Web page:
They, regardless of their parties and places of origins, are claiming that they are the only qualified candidates to make South Korea a better country by resorting to the rhetoric of political slogans, such as peace, fairness, justice and innovation.
In his New Year's address Tuesday, President Moon Jae-in reiterated that his administration will ramp up efforts to make South Korea a fairer country by continuing to push for reform drives aimed at offering better lives for those in lower income brackets.
Ironically, despite all of these slogans and pledges, South Korea has become one of the most divided countries in the world, with polarization deepening in all dimensions of our society ― politics, economy, wealth, gender, etc.
First, the politics of division has been taking hold. Since the Moon administration took office, the country has been experiencing ever-deepening ideological confrontation between the left and the right.
When there is a debate over a certain value or policy, people do not respect various voices in society and instead join forces to attack those in different camps. Simply speaking, there exist no efforts to seek compromise and find middle ground.
Also, the gap between the rich and the poor has been widening despite the government's series of policies to reduce income inequality.
Official statistics showed that irregular workers made an average 1.72 million won ($1,477) per month between June and August, only 54 percent of the 3.16 million won for regular workers.
The income disparity widened to 1.43 million won, the largest ever, up 71,000 won from the same period in 2018. As a result, unconditional hatred toward the wealthy has become prevalent in our society.
Hatred toward the opposite sex is emerging as another serious issue. Both misandry and misogyny are widespread among the public and there has been an increase in gender hate crimes.
For the Moon administration, it might be crucial to maintain policy consistency and pursue the core promises they made in a bid to win supporters in the April election. However, keeping their pledges should not end up dividing the country. It is no more than penny wise and pound foolish.
The values of peace, justice and fairness that Moon and the ruling party are pursuing are important but there is a higher and more significant value to lead the country in the right direction ― "unity in diversity."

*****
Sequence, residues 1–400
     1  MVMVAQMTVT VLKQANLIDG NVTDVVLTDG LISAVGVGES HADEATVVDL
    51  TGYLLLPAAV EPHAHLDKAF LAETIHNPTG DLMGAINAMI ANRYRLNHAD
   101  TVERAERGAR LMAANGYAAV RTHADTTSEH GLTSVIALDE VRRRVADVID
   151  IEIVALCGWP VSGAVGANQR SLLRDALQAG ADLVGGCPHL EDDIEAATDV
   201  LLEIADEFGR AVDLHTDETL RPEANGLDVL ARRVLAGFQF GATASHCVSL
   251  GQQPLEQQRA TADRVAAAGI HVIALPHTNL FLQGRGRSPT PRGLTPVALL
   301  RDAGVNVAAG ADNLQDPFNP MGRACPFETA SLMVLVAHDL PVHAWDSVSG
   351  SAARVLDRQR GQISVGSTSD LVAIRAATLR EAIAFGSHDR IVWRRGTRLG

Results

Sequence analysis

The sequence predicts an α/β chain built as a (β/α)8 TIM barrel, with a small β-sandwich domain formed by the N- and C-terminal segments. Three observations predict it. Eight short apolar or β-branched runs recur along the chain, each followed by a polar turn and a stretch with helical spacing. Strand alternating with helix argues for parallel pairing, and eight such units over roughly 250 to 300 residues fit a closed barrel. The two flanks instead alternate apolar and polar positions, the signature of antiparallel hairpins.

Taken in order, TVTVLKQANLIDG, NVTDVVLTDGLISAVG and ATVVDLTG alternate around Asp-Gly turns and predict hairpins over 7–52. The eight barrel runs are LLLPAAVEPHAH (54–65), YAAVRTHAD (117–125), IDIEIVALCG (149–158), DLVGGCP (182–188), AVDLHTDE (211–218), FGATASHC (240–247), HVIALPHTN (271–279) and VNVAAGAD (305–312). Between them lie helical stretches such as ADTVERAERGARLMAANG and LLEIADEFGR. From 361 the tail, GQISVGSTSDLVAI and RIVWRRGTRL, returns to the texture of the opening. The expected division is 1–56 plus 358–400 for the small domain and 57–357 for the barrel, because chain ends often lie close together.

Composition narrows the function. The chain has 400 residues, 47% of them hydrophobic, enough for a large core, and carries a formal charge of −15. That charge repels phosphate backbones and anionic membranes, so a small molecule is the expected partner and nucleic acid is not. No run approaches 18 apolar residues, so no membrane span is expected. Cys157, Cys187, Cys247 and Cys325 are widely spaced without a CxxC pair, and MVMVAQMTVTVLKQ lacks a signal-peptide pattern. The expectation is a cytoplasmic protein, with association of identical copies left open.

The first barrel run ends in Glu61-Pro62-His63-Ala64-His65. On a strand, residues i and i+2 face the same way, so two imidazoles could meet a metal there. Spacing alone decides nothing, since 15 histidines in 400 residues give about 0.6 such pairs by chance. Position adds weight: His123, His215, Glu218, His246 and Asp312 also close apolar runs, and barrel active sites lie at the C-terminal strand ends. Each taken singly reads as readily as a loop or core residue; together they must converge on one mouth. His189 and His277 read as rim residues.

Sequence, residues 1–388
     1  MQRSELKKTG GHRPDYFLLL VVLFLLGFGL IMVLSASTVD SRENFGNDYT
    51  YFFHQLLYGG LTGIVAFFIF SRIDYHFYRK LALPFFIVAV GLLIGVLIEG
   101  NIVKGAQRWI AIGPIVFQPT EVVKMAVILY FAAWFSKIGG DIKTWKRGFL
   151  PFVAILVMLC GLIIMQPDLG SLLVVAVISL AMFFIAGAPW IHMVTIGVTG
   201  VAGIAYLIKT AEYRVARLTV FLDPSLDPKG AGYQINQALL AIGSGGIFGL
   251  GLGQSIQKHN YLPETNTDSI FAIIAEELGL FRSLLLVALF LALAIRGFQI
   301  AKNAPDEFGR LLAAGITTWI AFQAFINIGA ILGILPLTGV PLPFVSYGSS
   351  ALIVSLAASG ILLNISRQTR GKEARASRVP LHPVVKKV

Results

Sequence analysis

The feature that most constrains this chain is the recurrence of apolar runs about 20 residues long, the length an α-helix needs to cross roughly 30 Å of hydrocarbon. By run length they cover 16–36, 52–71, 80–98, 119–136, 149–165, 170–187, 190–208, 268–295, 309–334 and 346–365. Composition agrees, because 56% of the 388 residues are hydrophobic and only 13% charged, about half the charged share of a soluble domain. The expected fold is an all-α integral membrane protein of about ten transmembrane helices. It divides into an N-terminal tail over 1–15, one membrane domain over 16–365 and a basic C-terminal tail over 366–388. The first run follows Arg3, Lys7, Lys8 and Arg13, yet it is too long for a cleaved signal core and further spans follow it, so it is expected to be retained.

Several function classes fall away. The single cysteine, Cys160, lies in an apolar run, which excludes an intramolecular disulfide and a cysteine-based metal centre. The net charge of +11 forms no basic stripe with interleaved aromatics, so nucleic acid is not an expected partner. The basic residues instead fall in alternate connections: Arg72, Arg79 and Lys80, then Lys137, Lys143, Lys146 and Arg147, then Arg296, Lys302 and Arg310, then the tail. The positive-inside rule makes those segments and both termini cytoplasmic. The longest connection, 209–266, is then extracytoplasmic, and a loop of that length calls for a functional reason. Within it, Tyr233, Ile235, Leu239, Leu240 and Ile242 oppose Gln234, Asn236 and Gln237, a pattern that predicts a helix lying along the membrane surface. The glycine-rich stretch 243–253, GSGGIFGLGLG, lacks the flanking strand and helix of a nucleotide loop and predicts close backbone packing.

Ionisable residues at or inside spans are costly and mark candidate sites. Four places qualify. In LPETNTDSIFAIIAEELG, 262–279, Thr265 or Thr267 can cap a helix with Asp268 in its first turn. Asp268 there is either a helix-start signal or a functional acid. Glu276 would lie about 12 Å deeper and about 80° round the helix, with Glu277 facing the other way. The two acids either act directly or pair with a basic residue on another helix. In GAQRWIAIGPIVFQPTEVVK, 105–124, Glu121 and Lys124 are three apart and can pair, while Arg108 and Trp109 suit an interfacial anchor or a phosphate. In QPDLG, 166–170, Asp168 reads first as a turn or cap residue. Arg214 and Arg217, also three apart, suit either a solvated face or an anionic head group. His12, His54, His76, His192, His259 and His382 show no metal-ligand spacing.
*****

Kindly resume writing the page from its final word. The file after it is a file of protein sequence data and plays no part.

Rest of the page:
For this, the Moon administration needs to take a cue from ASEAN, a regional intergovernmental organization comprising ten Southeast Asian countries ― Brunei, Cambodia, Indonesia, Malaysia, Myanmar, the Philippines, Singapore, Laos, Thailand and Vietnam.
The ASEAN member countries are all different in terms of economics, politics and culture but they have managed to find a middle ground to create an integrated community in the region.
"They are different countries and have heterogeneous political systems, cultures and religions but they are getting along well to become prosperous together," a former Korean Ambassador to one of the ASEAN countries said asking not to be named.
"This offers great implications for Korea and Korean people who are deeply divided," he added. "It is not worth pursuing political values at the cost of unity of people. We need to learn from them (ASEAN nations)."
Not only ASEAN but also many other countries are taking "unity in diversity" as a national slogan. They know that they can create a better future only when there is trust and co-operation between different groups of people in a single society.
For example, during his address at the BJP rally at Ramlila Maidan Dec. 22, India's Prime Minister Narendra Modi said, "Unity in diversity is India's specialty."
During his New Year's address, President Moon re-emphasized dialogue with North Korea this year, urging concerted efforts by the two Koreas to create the conditions for North Korean leader Kim Jong-un's visit to Seoul.
However, Moon should realize that a top priority should be placed on ensuring "unity in diversity" in South Korea rather than seeking a dialogue with North Korea. Without harmony in our society, any lofty goals and policies will end in a failure.
The writer is finance editor of The Korea Times. He previously served as Asia bureau chief and Singapore correspondent covering the entire ASEAN region.